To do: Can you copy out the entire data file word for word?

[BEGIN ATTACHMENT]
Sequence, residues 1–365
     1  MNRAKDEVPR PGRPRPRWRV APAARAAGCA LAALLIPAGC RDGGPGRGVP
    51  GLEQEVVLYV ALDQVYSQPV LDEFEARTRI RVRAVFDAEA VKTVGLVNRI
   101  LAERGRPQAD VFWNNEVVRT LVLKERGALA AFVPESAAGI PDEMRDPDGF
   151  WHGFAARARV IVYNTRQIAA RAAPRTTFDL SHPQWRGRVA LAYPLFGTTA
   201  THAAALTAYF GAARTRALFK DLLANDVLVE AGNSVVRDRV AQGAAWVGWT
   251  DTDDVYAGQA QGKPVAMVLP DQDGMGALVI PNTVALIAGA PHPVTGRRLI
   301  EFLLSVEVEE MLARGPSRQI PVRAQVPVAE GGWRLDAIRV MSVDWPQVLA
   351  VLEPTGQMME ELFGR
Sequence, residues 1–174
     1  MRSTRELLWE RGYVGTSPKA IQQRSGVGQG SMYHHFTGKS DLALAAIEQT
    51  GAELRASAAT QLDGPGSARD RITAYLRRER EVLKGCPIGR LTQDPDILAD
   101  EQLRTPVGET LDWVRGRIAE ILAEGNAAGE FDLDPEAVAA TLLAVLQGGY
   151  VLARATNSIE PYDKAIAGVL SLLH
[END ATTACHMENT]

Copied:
Sequence, residues 1–365
     1  MNRAKDEVPR PGRPRPRWRV APAARAAGCA LAALLIPAGC RDGGPGRGVP
    51  GLEQEVVLYV ALDQVYSQPV LDEFEARTRI RVRAVFDAEA VKTVGLVNRI
   101  LAERGRPQAD VFWNNEVVRT LVLKERGALA AFVPESAAGI PDEMRDPDGF
   151  WHGFAARARV IVYNTRQIAA RAAPRTTFDL SHPQWRGRVA LAYPLFGTTA
   201  THAAALTAYF GAARTRALFK DLLANDVLVE AGNSVVRDRV AQGAAWVGWT
   251  DTDDVYAGQA QGKPVAMVLP DQDGMGALVI PNTVALIAGA PHPVTGRRLI
   301  EFLLSVEVEE MLARGPSRQI PVRAQVPVAE GGWRLDAIRV MSVDWPQVLA
   351  VLEPTGQMME ELFGR
Sequence, residues 1–174
     1  MRSTRELLWE RGYVGTSPKA IQQRSGVGQG SMYHHFTGKS DLALAAIEQT
    51  GAELRASAAT QLDGPGSARD RITAYLRRER EVLKGCPIGR LTQDPDILAD
   101  EQLRTPVGET LDWVRGRIAE ILAEGNAAGE FDLDPEAVAA TLLAVLQGGY
   151  VLARATNSIE PYDKAIAGVL SLLH